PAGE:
4/ The English Teacher: Linda Sinclair (Julianne Moore) is a 40 year old HS teacher in a small town in Pennsylvania. Her life is, in a way lifeless as she devours the thrill and drama of the books she reads. Her life becomes delightfully involved when a former star pupil Jason Sherwood (Michael Angarano) returns to his small town after trying to make it as a playwright in New York. He’s on the verge of giving up as he’s pressured by his father, Dr. Tom Sherwood (Greg Kinnear) to go to law school. Linda feels he shouldn’t give up and decides to produce the play for the school, with the flamboyant Nathan Lane as the drama teacher. Fun and well done movie. (4 stars)
5/ The Emperor’s Club: A sobering film about a principled but flawed prep school teacher played by Kevin Kline and a rebellious student (Emile Hirsch) whose father is a senator. The film spans a 25 year period where his students grow into situations that perhaps the teacher influenced. Well acted and deeply human. (4 stars)
I’m sitting in the Crestone Artisans Gallery, doing my ‘co-op’ shift, there are several new people visiting town and I make them feel comfortable , and welcome.
There’s a cool breeze here, wafting into the house…so inviting after the oppressive heat, snowing cottonwood fuzz, yellow green pollen from the all the budding pinon trees covering everything inside and out and the voracious swarming mosquitoes.
Some older, white haired gentleman walks in and it’s just the two of us in the store while he’s perusing all the artwork, scrutinizing it actually. I ask him if he’s an artist and he tells me he’s thinking of moving here and would like to get into the gallery. He said he’s partially indigenous and that Hannae Strong told him he should move here, to come up from Taos where he resides now. I ask him if he’s familiar with Encaustics, I explain it and he looks at my works and says, ‘Futral’ ‘Futral’ that sounds awfully familiar, ‘Stephen Futral.’ I tell him my friends call me Ish, short for Ishwara. He immediately says, ‘did you know Swami Satchidananda?’ and there we went running off with one intertwined story after another, our paths never met but ran parallel. Friends with Peter Max, taking acid with Timothy Leary, student of Ram Das and taught Krishna Das the Bhakti Yoga chanting that he is known for now. Our paths even crossed with the Enlightenment Intensives taken place in the desert in California.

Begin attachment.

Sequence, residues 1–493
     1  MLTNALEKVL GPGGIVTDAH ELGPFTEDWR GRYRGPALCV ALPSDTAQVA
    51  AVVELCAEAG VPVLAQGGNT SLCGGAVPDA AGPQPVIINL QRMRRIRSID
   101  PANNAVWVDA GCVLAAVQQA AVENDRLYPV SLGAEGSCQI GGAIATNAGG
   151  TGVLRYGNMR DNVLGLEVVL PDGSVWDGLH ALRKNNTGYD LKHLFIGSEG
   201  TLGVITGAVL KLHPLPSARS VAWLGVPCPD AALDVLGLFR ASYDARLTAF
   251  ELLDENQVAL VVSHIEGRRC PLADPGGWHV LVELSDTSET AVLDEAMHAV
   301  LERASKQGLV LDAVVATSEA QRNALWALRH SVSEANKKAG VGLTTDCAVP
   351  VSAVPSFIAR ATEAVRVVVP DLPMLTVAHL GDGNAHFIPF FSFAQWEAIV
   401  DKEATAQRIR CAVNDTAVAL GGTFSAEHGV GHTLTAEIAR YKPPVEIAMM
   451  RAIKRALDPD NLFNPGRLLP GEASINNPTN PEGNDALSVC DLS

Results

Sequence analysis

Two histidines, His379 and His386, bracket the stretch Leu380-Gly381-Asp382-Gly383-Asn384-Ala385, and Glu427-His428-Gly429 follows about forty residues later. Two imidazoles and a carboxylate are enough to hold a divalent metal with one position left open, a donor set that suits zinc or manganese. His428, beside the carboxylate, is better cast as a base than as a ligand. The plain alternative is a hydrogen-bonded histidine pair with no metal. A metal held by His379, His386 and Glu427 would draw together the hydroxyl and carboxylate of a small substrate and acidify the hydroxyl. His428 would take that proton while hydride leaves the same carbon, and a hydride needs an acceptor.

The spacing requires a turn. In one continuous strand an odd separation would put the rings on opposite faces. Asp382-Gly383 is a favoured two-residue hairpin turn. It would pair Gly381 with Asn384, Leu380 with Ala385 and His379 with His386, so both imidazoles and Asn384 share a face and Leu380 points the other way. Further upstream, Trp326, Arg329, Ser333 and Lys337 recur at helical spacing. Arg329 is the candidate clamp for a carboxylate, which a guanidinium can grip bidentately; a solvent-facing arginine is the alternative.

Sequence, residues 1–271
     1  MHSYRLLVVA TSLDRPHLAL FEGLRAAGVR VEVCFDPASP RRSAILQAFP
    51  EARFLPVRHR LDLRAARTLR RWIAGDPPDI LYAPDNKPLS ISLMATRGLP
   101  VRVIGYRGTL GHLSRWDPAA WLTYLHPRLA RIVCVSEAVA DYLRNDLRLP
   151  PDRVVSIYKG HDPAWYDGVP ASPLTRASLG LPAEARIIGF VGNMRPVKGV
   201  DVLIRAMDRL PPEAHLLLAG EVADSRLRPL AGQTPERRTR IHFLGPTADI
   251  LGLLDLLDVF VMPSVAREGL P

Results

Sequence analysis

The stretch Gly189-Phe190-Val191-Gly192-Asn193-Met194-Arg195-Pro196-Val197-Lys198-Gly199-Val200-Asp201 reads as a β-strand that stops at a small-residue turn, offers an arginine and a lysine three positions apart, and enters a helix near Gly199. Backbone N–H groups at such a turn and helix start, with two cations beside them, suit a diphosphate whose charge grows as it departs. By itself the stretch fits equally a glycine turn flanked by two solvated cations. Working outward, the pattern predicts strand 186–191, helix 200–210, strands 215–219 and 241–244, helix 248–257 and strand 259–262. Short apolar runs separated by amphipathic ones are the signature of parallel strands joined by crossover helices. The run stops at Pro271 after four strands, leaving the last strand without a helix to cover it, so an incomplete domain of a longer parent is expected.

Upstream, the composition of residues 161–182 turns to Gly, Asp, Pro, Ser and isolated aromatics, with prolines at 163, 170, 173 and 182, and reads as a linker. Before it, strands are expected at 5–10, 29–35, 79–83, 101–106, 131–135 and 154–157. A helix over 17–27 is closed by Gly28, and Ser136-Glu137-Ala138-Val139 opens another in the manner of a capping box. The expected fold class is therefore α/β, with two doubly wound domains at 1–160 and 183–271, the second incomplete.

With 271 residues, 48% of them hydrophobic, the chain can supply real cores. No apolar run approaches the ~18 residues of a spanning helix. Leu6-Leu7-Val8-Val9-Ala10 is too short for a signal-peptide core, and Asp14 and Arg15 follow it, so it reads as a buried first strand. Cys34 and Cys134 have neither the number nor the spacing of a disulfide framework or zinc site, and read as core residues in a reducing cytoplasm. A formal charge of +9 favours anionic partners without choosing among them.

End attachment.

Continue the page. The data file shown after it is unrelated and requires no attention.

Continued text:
It wasn’t so much a reminiscing as it was a new discovering, a friendship of knowing of each other. His name was Surya Das, one I’d heard for many years back in the 60s and 70s.
The likeliness of me being on shift at the gallery just as he walks in is part of that ‘auspicious coincidence’ that seems to run rampart here. We connected on FB…
© stephen.futral / 25.june.2016